Open-world superhero games and plot-altering moral decisions are nothing new by themselves, but stick them together and you’ve got… well, you’ve got Spider-Man: Web of Shadows. But throw in lightning powers, riots, out-of-control gangs that hunt in packs and lots of ruined buildings to climb, and you’ve got inFamous, the story of a wall-climbing wild talent trapped in a city gone mad.
Centering around gruff bike messenger-turned-reluctant superhero Cole McGrath, inFamous is fun enough as a free-roaming romp, but it’s disappointingly full of rough edges. Disappointing mainly because it comes from Sucker Punch, a studio from which we’ve come to expect great things after the mostly stellar Sly Cooper series. Maybe it’s our fault for setting our expectations too high, but what we hoped would be a great game ended up being just good.
Still, “good” is definitely worth your time, and inFamous has a lot of cool things to offer. The game opens with the apparent terrorist bombing and subsequent military quarantine of Empire City, a town that feels like a cross between New York, Seattle and a massive hobo camp. Caught at the epicenter of the blast, Cole not only survives, but gains electrical superpowers in the bargain.
Above: One of those superpowers is the eventual ability to grind on power lines, which is awesome
He’s not the only one, either, and in the lawlessness following the disaster, Empire City’s been carved up by three huge street gangs led by supervillains called “Conduits.” Conduits range from hulking brutes who roam alongside the regular, interchangeable gun-toting gang members (and who, in later stages, can become gigantic or create robotic exoskeletons) to the game’s bosses, all of whom share a connection to a secret society called the First Sons.
With the city engulfed in chaos, it isn’t long before Cole’s pressed into service by the FBI, who want him to find a mysterious object called the Ray Sphere – oh, and if he could also single-handedly return order to the city, that would be just swell.
At Cole’s disposal is a roster of electrical superpowers that gradually expands as he restores power to the city. Starting out with little more than a quick lightning blast and the ability to heal yourself by leeching power from anything that carries a charge, you’ll rapidly earn new abilities, many of which mimic the functions of guns in other games. Precision, for example, enables you to zoom in on enemies (and slow time) with sniper-like efficiency, while Shockwave is a concussive, shotgun-like blast that can also deflect missiles. The Megawatt Hammer works like a ball-lightning rocket launcher, the advanced Lightning Storm is basically a laser-satellite strike and the Shock Grenades stick to enemies, which is hilarious.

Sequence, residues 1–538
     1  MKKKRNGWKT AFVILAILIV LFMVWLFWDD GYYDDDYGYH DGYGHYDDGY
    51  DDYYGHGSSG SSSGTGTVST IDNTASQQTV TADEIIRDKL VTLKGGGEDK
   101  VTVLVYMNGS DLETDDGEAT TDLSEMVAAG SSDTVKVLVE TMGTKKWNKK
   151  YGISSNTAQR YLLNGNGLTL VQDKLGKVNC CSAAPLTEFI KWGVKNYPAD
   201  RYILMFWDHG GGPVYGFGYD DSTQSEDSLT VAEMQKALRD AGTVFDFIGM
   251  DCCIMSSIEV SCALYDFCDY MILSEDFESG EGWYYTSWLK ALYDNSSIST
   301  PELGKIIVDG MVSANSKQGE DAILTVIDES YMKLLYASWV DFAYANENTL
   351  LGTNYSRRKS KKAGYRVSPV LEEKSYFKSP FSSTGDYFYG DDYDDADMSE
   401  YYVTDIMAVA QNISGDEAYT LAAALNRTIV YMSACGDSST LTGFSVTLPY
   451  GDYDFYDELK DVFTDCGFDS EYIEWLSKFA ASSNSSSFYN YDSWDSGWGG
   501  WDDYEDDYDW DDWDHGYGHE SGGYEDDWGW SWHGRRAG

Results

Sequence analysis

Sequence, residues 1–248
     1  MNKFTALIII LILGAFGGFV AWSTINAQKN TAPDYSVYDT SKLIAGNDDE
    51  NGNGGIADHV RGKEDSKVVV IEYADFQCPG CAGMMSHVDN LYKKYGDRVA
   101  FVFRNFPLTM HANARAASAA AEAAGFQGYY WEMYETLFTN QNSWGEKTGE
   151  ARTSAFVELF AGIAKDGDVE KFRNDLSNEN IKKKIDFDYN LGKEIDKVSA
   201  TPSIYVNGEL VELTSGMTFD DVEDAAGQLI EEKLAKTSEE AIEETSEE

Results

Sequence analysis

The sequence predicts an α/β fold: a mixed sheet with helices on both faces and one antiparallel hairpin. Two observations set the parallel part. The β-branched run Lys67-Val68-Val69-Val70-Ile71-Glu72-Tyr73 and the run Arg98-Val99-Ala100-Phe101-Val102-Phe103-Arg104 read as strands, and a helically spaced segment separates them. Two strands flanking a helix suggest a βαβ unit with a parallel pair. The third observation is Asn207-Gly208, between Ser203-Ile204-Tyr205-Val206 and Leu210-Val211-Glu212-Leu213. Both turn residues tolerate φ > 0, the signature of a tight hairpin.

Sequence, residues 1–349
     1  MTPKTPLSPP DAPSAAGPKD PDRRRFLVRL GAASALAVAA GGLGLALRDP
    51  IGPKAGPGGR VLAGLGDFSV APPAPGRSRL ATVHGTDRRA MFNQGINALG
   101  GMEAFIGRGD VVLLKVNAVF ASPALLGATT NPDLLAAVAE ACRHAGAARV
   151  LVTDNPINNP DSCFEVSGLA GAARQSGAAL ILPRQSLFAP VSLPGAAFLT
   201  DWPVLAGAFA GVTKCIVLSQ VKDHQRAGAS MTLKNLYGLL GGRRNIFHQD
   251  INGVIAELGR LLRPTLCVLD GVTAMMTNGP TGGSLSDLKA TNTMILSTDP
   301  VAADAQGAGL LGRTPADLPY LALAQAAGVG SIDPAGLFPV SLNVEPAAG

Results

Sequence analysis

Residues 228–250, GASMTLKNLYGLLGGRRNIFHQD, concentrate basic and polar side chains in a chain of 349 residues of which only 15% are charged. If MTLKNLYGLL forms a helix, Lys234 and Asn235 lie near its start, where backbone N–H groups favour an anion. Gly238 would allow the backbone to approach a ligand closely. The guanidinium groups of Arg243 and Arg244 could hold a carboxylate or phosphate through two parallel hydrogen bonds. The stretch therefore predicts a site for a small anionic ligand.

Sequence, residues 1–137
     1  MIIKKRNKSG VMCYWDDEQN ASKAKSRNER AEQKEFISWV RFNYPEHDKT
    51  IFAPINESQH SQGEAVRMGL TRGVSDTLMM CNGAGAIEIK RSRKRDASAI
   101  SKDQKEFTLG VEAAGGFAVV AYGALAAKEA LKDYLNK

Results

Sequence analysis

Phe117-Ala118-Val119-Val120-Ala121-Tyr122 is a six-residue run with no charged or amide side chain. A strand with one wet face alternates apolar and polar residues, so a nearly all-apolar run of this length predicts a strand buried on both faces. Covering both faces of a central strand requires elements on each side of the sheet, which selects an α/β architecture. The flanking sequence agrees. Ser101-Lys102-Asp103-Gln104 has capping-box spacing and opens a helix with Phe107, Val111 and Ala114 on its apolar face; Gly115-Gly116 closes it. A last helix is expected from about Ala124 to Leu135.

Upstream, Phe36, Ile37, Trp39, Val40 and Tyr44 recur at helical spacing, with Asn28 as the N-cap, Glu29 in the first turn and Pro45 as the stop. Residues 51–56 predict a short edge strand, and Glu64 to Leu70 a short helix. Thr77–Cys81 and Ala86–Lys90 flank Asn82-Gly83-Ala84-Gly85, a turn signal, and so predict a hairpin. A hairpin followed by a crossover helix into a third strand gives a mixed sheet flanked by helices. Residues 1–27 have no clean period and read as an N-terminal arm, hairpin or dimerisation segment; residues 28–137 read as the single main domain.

Above: You’ll probably end up relying on Precision a lot
You’ll be able to upgrade these powers differently depending on the choices you make in the game. Every so often, you’ll be confronted by a moral dilemma – rescue a lynching victim, or ignore him? Help a dying man, or step over his body and steal his treasure? – and your choice will affect your Karma meter. Karma’s also earned or lost dynamically by doing things like healing civilians (you’re a walking defibrillator, after all) or blowing up moving vehicles. Speaking of which, be warned: if you’re trying to be a good guy, keep a careful eye out for puddles. Electricity plus puddles equals people die.
Make heroic choices and avoid unnecessary murder, and not only will you get helpful, power-boosting upgrades, but the citizens will rally to cheer you on and even throw rocks at your enemies. Err too heavily on the side of selfishness, however, and you’ll become a twisted Sith lord who shoots red lightning bolts, gets explosive upgrades and inspires terror and disgust everywhere he goes.
Above: Also you can suck the life energy from civilians
As for the “restoring power” part we mentioned earlier, that’s actually a pretty clever idea. Not only are the game’s second and third islands blocked off until chapter-ending boss fights open them up, but Cole is effectively barred from wandering into certain neighborhoods while the power is out. See, without an active electrical grid, Cole’s powers weaken, his vision goes blurry and he loses his ability to heal. And because these areas are always swarming with enemies, wandering into them without a reason is an excellent way to die quickly.
So instead, Cole has to wait until he gets an order from his FBI handler to restore power to an area, at which point it’s time to delve into the sewers (did we mention deep water is deadly to Cole?) to hunt for power substations and turn the juice back on. Once that’s done, he’ll be granted a new ability, and a new area of the map will be made safe to explore.
Unfortunately, actual exploration is the weakest part of the game, mainly because Empire City itself just isn’t that interesting. Sure, it’s pretty cool to bounce around on buildings at first, and once you’ve unlocked the second island, the number of fascinating and bizarre landmarks shoots up significantly (and includes a couple of huge, crumbling ruins that are a blast to climb).
Above: OK, getting up here is kind of fun
But in the main, it’s often difficult to tell which part of the city you’re in without checking the map. Few of the neighborhoods really have a distinct look or character, the miles of waterfront all look mostly identical and several of the city’s plazas and alleyways are similar enough to feel like they were rubber-stamped into the world. And with cars off-limits, there’s no rapid way to travel from one end of the city to the other apart from grinding on power lines or train tracks, or climbing up somewhere high and then gliding slowly to the ground. While those are both a lot faster than walking, they'll still take a while to get you where you need to go.